Did you know that it’s International Women’s Day? It was first marked over a hundred years ago as a way to promote equal rights for women. It’s a day to celebrate women’s achievements, remember the past and look to the future.
For many of us women, it’s just another day in the life. But. This is what gets me thinking: How is this day lived by each woman and girl around the globe? This random day on the calendar. How is it experienced by them?
I woke up thinking about how fortunate my girls and I am. Even though there are things about our society that I believe need to be changed (don’t even get me started–I had a minor in Women’s Studies in college) to ensure that young women grow up in safe, healthy and fair communities, we have rights and care that women and children in other countries just do not have. What we consider basic rights and care…the stuff that we don’t even think about. I thought about how my life and my family’s well being is vastly different from many others based solely on geography, life circumstance and sheer luck. That has spurred some major gratitude on this day. All before 7:00 am, no less.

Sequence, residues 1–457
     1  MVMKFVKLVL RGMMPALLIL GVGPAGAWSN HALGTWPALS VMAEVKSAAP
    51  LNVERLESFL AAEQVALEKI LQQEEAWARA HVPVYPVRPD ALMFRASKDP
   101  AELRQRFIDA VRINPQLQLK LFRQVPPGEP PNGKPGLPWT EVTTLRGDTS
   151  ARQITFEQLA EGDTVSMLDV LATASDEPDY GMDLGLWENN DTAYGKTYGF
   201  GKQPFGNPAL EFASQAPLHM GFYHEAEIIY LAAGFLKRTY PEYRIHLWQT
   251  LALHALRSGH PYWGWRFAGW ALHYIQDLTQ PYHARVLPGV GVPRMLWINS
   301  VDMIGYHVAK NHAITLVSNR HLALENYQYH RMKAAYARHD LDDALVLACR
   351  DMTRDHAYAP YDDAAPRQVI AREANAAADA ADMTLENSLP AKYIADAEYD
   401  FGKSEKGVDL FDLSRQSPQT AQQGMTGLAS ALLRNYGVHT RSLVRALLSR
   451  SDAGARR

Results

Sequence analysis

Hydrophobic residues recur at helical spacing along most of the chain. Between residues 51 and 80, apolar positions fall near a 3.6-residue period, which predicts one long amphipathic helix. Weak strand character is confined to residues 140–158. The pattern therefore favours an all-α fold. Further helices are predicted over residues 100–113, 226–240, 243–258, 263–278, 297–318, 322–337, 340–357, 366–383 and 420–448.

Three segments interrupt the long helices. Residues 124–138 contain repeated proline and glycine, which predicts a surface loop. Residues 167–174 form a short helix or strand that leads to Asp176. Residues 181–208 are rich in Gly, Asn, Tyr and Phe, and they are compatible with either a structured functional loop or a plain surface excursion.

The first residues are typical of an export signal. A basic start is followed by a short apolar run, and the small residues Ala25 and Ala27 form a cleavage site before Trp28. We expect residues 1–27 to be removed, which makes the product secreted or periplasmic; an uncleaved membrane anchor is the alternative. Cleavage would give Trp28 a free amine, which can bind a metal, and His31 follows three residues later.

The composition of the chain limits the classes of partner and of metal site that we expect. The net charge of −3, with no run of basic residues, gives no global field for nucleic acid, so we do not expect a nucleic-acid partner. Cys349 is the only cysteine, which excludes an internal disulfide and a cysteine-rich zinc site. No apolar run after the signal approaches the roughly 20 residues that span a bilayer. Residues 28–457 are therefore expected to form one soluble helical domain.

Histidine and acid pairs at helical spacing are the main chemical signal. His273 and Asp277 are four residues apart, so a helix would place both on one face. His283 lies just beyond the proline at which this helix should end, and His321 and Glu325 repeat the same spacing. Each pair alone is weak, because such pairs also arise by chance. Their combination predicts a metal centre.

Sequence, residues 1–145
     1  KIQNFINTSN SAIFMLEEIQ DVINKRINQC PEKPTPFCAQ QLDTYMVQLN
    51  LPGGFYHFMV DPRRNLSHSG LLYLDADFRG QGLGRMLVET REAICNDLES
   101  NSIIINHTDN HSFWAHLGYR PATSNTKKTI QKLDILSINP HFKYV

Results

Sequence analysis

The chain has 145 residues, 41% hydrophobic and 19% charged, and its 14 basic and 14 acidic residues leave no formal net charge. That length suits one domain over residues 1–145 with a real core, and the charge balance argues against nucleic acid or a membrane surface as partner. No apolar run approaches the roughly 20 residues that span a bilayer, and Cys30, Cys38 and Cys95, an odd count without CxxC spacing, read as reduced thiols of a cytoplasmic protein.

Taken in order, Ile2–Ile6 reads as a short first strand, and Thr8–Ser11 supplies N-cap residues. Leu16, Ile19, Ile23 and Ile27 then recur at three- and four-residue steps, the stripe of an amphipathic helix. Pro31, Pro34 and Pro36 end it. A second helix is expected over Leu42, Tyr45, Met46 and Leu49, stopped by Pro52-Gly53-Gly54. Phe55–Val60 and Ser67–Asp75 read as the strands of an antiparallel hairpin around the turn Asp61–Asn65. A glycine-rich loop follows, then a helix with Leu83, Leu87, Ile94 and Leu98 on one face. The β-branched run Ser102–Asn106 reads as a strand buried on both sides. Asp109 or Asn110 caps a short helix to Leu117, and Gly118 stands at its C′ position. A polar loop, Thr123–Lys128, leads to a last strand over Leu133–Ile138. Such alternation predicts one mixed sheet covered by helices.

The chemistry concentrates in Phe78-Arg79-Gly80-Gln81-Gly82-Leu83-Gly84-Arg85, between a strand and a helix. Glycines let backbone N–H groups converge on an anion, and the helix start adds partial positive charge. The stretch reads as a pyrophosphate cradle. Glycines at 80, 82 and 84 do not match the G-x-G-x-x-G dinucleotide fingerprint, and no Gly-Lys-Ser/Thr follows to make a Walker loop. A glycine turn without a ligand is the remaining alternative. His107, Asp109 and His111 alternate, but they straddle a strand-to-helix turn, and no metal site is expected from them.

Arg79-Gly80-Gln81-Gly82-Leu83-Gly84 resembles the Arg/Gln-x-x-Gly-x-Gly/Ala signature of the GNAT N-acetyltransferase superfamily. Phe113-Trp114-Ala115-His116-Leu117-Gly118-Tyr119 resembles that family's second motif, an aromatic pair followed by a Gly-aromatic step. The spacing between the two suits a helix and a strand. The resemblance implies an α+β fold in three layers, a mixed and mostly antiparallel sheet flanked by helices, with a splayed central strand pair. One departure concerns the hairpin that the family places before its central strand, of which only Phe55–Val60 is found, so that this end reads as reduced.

Every year on International Women’s Day I make a commitment to helping an organization that focuses on the health and self-sufficiency of women. This year, I’m supporting a campaign that means a lot to me, both personally and as a former childbirth educator and doula.
I’m supporting Every Mother Counts. It exists to provide education and support to decrease maternal mortality around the world. All women, everywhere, should be able to access good health care, especially when pregnant. I’m lucky that I was able to do so. I learned through Every Mother Counts that a woman dies every 90 seconds from complications of pregnancy. And here’s the kicker: 90% of these deaths are preventable.
After the births of two of my three children, I experienced life-threatening hemorrhaging. Because I had great access to and skilled care by midwives, nurses and doctors, we had fabulous outcomes. A healthy mom and baby both times. When O was born, I thought the complication was just a fluke and I went on about the business of caring for a newborn and a toddler. When it happened again when Miss I was born, I won’t lie. I was shaken by it. It was not lost on me that if I lived somewhere else in the world, I wouldn’t be here for her and my other children. I survived because of where I live and the care I received.
I want to make sure women everywhere have the same outcome. I want to break down those barriers to care.
Today, that is what International Women’s Day means to me.
What does it mean to you?